What’s sort of interesting, if you go the flip direction, the enzyme that makes THC, it only spits out a CBD 1 out of 200 times, or 0.5% vs 5%. So in other words, the CBD gene is 10 times more promiscuous, than the THC genes and that’s really, you know, people want the CBD, of course, they want the THC, but in THC plants, CBD is not a problem. It’s the other way around. 

Dana Mosman:  Right. 

CJ Schwartz: And so there’s one possibility is to try to find new versions of the CBD gene that are often hemp that maybe are feral, that are populations that haven’t been discovered in other places yet. You know, and then you would try to take that gene and put it into a high-producing background.

So we published a paper that showed that the modern CBD strains, nearly all of them are 89% marijuana and only 11% hemp. That hemp region of course includes the CBD. But it’s actually other parts of the genome, other genes located elsewhere, which produced the total amount of cannabinoids. So you don’t need just the CBD gene, but you also need the genes that make, uh, marijuana pretty much like hemp on steroids as far as producing cannabinoids. 

Marijuana has been bred just to produce high cannabinoids and terpenes per se or whatever. So it’s, that’s what it’s really good at. Hemp has not and is not. And so just recently the CBD gene was combined with this, uh, super genome where you now can produce high CBD. Of course you have the problem with this little by-product hanging around. Is which the 5% THC and, you know, some people go to a lot of chemical expense and effort to go ahead and eliminate even that small amount that’s even below 0.3% in some applications. So, it’s possible that using this CRISPR system where you change just a single, uh, DNA molecule to it, to a different one, that there may be a version of the CBD gene that can be made that would produce less of the THC, that would… People are doing it right now.

You know, one way you do it is you almost make it like a competition. You just put a whole bunch of different versions in there and then try to figure out who’s producing the least THC, and then you find out, you know, what the difference is and try to put them together. But it’s a big, I mean, people have been asking for that from the day that we started, the old company seven years ago. We want a lower THC plant because we’re getting so much CBD, but they go hot so early.

Dana Mosman:  Right. 

CJ Schwartz: And they’re still asking for it.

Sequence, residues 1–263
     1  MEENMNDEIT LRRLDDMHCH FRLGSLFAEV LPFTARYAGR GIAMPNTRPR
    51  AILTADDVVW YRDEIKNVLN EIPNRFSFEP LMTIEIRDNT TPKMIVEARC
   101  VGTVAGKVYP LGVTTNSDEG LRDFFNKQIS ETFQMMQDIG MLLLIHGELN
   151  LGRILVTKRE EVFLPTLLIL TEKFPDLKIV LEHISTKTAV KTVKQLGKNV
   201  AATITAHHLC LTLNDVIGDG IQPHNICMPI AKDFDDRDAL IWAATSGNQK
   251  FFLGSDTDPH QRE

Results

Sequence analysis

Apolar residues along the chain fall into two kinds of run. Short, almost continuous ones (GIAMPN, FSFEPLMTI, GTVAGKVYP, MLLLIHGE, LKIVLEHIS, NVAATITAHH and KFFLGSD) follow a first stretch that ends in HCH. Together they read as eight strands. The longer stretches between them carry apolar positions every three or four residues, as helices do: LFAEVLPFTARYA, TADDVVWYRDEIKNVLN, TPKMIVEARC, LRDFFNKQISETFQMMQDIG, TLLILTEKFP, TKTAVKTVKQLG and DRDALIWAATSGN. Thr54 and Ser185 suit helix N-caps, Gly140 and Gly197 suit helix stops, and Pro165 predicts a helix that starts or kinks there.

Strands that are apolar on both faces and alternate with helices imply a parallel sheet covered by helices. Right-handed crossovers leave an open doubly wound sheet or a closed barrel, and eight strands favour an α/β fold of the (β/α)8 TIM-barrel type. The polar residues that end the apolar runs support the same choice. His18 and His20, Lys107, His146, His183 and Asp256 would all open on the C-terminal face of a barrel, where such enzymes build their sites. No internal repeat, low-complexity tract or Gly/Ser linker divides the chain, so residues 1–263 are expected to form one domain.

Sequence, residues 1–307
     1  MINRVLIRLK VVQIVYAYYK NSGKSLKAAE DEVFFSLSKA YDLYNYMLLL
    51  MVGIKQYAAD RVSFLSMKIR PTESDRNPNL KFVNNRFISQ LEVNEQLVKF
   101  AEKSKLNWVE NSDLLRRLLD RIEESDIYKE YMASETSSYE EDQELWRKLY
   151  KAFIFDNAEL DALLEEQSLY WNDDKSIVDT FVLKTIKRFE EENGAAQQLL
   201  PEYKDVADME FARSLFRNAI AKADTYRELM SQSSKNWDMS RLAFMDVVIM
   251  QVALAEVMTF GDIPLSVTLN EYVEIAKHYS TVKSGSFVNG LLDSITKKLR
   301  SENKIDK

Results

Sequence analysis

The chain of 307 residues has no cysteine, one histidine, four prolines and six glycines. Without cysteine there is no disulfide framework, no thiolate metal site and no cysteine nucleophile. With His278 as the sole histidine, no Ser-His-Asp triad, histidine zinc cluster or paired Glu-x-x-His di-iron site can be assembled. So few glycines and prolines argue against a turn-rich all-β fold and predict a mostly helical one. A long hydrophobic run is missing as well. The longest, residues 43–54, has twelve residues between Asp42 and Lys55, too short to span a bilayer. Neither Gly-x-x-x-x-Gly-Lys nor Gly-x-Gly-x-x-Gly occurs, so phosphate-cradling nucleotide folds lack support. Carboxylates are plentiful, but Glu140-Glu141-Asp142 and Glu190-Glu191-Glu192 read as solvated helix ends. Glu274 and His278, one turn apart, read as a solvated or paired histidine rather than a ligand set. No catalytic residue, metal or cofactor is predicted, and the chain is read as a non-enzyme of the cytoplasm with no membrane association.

Reed Preston: And then what about like, um, you know, like CBG or CBV or CBDV, CBN, CBC? Like, what do you know about, you know, there’s other cannabinoids that are just, you know, like newly discovered and their correlation with THC? Is it similar? Like, is there that 5% threshold? 

CJ Schwartz: Yeah, it’s, it’s all a little different. Actually, the CBC enzyme is the most like the THC enzyme, so that was, um, and, but it doesn’t seem to really produce that much. And I know there are people trying to make strains that are just CBC. It also comes off of CBG. I’m nearly positive for some reason, blanking on that for a second. 

Um, but you know, normally these chemicals are produced in such small amounts, that is a little hard to imagine. They might have an effect. But of course, that’s why there’s the entourage effect or synergy as we call it as maybe only need a teensy little bit of a CBC to go ahead and make the CBD work better. 

And that’s really one of the biggest arguments for the terpenes is really the entourage effect that a certain suite of terpenes along with a certain cannabinoid will result in an enhanced infect, not just an additive, but a synergistic, a multiplicative effect where you get a much more, um, I guess bang for the buck. 

Dana Mosman:  Right. 

CJ Schwartz: One example actually is – this is almost sort of a public health warning, but not that I know from experience – but if you are drinking and smoking at the same time for a number of hours, you know, you’ll feel tired and you’ll have some effects from both of those chemicals or drugs. If you smoke first and then drink, you know, you’ll feel a little bit of an additive effect. But if you drink to the point where you’re intoxicated, you know, not totally falling over, but pretty well buzzed, and then you smoke, it’s like a double whammy. Then it really hits you. 

Dana Mosman: It’s the entourage effect, yeah?

CJ Schwartz: Yeah. Yeah. It is. But it’s that certain combination. Well and I think that’s why a lot of people I’ve had have said that they’ve had bad experiences because of course, they decided to smoke some after bar close. That’s the worst time. You’re not going to remember tomorrow. 

Dana Mosman: Yeah. Um, yeah. Well, I’ll think of that when I think of the entourage effect now. I’ll, uh, remember how those work. 

Reed Preston: I’ve got another question, like back to, you know, breeding and DNA testing. Like, how like, um. How does, like, a seed become like your intellectual property? Like, how do you, you know, like own or patent your genetics? Like, what’s that process like?